East Coaster of the Day: 1970 Corvette – Original Owner
When 22-year-old Barry spotted the racy Corvette Stingray in 1970 at Bob McDonald’s Chev-Olds dealership, it was love at first sight. Like many loves, however, the shiny sports car was elusive and priced out of the young man’s reach.
Thanks to a kind banker, Barry was able to purchase the car of his dreams. And like many loves, Barry’s devotion to the classic white Corvette has withstood the test of time and is still with him today – 50 years later! Wow!
The C3, or third generation, Corvette, built from 1968 until 1982, was the first with the T-top removable panels and featured a new body and interior.
Barry’s is an LT-1 with a 350/370-horsepower engine. He’s upgraded to a Tremec TKO-600 five-speed overdrive transmission and added exhaust headers. The car has the original starter, alternator and brake rotors.
Named after the small maneuverable warship, the iconic shark-shaped Corvette was declared by Automotive News to be the ‘most popular sports car in history’.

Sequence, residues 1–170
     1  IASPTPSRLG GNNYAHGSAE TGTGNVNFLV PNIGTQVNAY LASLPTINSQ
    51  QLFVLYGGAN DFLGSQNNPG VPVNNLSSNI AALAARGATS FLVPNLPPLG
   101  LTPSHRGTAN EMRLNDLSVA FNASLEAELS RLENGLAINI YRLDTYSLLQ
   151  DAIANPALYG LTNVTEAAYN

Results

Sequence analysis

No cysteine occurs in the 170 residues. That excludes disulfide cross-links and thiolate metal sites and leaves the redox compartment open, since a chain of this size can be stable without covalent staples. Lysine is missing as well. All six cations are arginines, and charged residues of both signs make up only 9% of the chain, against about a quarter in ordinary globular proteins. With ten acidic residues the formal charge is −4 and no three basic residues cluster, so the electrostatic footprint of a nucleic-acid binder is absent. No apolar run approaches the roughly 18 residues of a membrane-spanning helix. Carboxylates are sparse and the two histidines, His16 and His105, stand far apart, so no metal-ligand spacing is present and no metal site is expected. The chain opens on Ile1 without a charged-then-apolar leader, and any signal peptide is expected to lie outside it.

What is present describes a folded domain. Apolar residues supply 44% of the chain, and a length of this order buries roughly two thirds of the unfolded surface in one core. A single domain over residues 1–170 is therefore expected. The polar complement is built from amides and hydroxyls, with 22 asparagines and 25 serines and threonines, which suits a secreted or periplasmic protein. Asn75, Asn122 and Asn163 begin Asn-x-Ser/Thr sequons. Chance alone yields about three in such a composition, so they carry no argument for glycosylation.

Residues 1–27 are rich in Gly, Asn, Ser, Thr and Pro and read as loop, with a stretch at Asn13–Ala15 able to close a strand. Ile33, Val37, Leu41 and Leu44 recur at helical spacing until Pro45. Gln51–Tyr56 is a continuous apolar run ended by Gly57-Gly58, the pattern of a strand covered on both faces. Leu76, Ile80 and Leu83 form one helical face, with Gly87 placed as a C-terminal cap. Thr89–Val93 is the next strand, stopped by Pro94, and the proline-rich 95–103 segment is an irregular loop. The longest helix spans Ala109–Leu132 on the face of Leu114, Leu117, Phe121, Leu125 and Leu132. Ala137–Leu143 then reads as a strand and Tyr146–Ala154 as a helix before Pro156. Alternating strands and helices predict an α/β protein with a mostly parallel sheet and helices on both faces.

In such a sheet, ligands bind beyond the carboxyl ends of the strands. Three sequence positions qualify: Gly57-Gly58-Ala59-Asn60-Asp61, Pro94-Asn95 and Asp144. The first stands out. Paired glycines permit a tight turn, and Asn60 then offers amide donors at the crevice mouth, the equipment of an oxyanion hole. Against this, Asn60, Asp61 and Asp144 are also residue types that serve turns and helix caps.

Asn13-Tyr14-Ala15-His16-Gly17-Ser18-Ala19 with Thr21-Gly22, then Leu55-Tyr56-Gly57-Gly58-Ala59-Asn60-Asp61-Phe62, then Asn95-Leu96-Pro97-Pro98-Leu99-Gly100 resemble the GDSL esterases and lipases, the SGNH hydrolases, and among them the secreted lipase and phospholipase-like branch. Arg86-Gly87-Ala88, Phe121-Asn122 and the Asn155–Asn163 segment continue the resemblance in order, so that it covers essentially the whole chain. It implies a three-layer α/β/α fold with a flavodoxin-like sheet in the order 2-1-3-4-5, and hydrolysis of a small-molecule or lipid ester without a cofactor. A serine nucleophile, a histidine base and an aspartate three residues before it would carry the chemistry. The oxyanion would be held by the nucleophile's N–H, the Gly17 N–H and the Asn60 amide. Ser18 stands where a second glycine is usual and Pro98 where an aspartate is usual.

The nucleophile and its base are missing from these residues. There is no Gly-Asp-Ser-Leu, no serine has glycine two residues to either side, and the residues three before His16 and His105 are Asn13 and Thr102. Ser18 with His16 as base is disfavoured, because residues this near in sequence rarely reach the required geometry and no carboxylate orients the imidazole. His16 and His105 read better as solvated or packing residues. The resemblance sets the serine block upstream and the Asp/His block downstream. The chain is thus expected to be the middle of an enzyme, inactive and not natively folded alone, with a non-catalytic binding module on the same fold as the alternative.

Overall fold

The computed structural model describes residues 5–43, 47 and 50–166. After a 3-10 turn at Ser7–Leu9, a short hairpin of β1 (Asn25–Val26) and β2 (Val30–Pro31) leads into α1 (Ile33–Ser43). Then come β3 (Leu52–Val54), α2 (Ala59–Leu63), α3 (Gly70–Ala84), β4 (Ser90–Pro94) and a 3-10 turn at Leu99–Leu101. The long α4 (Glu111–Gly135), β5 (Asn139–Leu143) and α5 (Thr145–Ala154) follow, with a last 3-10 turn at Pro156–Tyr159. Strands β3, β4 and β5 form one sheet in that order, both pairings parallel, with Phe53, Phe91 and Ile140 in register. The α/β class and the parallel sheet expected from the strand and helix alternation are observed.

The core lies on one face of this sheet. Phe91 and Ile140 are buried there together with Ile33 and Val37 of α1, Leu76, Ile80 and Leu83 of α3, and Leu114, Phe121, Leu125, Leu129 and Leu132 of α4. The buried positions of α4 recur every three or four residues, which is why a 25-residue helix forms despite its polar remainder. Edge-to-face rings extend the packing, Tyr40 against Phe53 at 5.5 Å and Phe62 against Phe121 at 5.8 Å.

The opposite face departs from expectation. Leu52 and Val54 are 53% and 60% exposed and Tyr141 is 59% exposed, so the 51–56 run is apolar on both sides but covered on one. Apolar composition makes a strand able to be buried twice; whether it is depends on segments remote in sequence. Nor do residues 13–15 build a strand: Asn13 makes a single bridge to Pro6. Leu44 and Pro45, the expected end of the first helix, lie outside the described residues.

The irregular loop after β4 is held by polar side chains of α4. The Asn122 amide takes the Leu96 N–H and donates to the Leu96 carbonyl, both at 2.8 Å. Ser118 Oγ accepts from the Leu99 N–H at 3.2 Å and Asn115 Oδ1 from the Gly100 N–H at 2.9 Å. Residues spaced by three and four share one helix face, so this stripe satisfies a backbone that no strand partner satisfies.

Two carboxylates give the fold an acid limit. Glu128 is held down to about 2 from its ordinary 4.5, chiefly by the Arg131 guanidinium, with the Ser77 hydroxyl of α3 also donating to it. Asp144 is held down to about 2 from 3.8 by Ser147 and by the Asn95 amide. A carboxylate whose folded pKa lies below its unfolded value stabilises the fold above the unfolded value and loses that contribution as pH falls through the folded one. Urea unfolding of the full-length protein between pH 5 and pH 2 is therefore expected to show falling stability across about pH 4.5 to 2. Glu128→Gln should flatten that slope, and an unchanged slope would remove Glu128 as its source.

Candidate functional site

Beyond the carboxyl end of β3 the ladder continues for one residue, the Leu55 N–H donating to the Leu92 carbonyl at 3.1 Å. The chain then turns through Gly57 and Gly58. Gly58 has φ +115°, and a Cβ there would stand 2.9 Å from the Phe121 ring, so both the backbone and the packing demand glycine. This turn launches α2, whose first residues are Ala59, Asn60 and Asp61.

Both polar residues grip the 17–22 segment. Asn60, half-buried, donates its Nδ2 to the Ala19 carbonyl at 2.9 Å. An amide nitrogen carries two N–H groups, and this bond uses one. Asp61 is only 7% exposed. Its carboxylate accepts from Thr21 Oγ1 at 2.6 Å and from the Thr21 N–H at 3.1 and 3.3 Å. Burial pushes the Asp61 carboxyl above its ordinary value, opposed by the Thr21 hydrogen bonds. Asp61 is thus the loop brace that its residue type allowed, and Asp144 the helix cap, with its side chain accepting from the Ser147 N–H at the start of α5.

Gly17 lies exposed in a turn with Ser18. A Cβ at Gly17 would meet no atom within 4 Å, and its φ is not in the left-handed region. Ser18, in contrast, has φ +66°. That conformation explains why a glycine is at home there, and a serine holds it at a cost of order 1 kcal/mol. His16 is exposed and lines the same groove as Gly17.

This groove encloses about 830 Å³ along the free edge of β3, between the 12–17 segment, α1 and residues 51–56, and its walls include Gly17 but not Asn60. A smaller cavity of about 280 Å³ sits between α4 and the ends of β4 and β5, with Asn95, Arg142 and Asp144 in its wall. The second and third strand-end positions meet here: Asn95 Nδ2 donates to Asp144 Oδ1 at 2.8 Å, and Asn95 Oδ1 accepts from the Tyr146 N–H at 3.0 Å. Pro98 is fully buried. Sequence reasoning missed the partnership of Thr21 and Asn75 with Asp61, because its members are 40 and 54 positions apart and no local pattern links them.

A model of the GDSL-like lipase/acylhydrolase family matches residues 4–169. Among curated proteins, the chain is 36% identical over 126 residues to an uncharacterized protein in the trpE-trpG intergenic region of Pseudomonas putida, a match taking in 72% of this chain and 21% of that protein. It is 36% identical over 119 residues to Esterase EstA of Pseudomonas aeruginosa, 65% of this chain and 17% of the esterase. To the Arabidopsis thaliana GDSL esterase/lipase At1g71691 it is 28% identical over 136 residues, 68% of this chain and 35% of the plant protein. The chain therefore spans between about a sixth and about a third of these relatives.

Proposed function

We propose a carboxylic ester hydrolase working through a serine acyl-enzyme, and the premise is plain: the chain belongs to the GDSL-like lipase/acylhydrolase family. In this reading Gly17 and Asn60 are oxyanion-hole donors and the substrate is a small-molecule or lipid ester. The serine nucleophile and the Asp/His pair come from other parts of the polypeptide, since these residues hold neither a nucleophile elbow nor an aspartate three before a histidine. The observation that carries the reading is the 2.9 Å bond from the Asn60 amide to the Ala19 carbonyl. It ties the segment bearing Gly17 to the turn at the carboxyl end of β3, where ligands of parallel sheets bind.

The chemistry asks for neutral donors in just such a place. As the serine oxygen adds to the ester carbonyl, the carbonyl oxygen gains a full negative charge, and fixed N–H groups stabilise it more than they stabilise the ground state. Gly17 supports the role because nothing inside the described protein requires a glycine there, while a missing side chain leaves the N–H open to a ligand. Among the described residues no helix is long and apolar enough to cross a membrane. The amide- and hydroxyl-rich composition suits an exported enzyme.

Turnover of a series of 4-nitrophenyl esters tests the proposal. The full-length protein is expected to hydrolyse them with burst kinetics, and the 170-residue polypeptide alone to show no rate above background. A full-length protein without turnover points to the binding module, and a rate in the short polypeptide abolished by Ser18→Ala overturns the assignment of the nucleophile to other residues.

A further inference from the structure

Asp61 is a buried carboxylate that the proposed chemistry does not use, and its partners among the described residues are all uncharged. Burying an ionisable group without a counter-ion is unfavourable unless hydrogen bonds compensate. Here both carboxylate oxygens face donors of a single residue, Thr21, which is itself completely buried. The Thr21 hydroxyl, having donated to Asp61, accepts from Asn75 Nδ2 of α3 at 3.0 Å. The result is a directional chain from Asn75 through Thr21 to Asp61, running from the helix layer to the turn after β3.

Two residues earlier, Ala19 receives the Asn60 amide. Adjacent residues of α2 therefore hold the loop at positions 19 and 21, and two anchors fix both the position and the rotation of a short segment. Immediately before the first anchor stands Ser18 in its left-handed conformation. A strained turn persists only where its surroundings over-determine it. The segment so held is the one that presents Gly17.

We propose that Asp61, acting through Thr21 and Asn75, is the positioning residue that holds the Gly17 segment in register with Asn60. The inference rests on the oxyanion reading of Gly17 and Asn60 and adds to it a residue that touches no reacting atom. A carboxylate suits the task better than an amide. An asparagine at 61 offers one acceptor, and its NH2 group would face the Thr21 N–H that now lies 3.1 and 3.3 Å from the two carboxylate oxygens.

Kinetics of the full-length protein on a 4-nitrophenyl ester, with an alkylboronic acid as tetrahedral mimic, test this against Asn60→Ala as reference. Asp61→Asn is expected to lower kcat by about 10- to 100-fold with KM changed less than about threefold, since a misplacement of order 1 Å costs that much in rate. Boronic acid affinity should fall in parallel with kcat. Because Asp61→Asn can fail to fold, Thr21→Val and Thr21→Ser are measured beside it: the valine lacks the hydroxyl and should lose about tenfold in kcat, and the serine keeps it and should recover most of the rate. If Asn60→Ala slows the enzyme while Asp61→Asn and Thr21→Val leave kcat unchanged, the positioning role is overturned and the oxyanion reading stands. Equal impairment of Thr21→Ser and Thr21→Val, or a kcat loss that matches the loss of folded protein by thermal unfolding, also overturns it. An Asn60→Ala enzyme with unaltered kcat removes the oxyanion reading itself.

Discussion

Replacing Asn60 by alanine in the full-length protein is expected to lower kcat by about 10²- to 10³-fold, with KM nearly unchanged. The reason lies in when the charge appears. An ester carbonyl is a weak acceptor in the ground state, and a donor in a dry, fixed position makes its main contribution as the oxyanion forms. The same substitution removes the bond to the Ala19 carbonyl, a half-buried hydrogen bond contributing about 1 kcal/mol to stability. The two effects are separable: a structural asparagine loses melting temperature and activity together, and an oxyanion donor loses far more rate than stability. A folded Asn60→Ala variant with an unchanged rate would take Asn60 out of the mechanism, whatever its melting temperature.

It quickly became a pop culture symbol after a convertible Corvette starred in the early-1960s television adventure crime series, Route 66. Any baby boomer that was into cars would have fallen in love with the series and the car, too.
A dream car for many, the Corvette came to symbolize freedom, adventure and the open road.
Besides its pop icon status, the Chevrolet sports car has pioneered technologies, like independent rear suspension (C2), disc brakes, fuel injection, antilock brakes and traction and stability control systems, that have gone on to be used in most vehicles today.
Barry drove his Corvette to Indianapolis in 1971 and to Niagara Falls for his honeymoon in 1972. It’s been driven every summer since he bought it and says he has never thought about selling it and has no plans to do so in the future.
We think Barry chose his lifetime love wisely. And he still grins like a 22-year-old when he’s talking about his 1970 Corvette.